Slow start to malleefowl breeding season
15 December 2017
A dedicated team of volunteers and Natural Resources staff have found that malleefowl nesting activity on Eyre Peninsula has reduced from ten known active malleefowl mounds last year to only six this season.
The annual monitoring of malleefowl mounds involves walking kilometres to check known mounds in conservation reserves for the tell-tail signs of the birds’ breeding activity, such as massive piles of sand, pebbles and leaf litter over a typical nesting mound three to five metres round and one metre high.
Natural Resources Education Officer Barbara Murphy said it is hot work trekking through mallee scrub at this time of year but very rewarding to find a freshly scaped malleefowl mound and to catch a glimpse of the iconic bird.
“Monitoring all of the known sites would not be possible without our dedicated volunteers, some who have been monitoring mounds in their local area for over two decades,” she said.
Malleefowl are a threatened species, vulnerable to extinction, and their numbers are in decline across Eyre Peninsula. All monitoring data from Eyre Peninsula is fed back to the National Malleefowl Recovery Team. Major threats are climate change, habitat decline, wildfire, and predation by foxes and feral cats.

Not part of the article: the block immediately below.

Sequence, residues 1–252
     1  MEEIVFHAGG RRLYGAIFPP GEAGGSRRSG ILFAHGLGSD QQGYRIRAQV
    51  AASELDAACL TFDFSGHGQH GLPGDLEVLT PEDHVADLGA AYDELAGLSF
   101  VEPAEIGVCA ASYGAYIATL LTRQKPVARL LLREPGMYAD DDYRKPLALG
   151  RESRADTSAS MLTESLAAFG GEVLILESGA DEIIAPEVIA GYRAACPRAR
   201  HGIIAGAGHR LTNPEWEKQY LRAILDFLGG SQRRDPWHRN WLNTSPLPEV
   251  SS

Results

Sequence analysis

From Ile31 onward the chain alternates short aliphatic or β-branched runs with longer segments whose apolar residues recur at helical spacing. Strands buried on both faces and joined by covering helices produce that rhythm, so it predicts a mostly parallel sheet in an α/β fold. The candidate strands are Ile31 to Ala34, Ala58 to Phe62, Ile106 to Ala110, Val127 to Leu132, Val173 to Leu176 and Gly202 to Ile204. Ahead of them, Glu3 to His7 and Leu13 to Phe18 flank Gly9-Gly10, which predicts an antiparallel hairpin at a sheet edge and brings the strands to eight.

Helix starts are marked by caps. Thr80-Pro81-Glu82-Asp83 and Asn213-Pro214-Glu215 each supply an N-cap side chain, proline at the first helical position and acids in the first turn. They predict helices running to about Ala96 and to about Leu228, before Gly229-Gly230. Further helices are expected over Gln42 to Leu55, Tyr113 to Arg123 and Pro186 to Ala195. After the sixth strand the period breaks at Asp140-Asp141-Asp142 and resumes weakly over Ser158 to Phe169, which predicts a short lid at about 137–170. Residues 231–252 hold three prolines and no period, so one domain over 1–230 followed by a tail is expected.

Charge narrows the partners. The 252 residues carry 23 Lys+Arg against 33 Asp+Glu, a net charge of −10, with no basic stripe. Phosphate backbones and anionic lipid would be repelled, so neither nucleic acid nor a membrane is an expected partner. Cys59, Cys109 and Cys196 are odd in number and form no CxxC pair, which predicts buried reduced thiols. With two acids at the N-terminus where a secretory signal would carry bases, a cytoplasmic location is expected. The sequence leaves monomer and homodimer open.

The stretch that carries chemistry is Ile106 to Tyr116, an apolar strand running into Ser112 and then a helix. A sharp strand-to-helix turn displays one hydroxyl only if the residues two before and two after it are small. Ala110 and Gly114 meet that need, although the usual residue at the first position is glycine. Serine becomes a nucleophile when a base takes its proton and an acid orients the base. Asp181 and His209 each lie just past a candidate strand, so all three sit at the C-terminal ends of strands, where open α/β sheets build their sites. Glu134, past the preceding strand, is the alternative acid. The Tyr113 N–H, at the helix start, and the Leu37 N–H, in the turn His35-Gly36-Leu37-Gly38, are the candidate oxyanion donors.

Collecting data on malleefowl breeding activity is important for estimating malleefowl population numbers and as an indication of the ‘health’ of the malleefowl habitat.
PhD Researcher Peri Stenhouse has been closely monitoring Eyre Peninsula malleefowl activity since 2016.
“My research is trying to fill knowledge gaps around the long-term movement of malleefowl. The question is, if there is a drought or a fire which makes one habitat unliveable, are malleefowl able to move to and recolonise new habitat patches? Also, what size and kind of habitat do they use when they move?”
“Malleefowl breeding activity might be down from ten active mounds to six this year but this does not mean there are only six pairs of malleefowl breeding! These are just the ones we know about,” Peri said.
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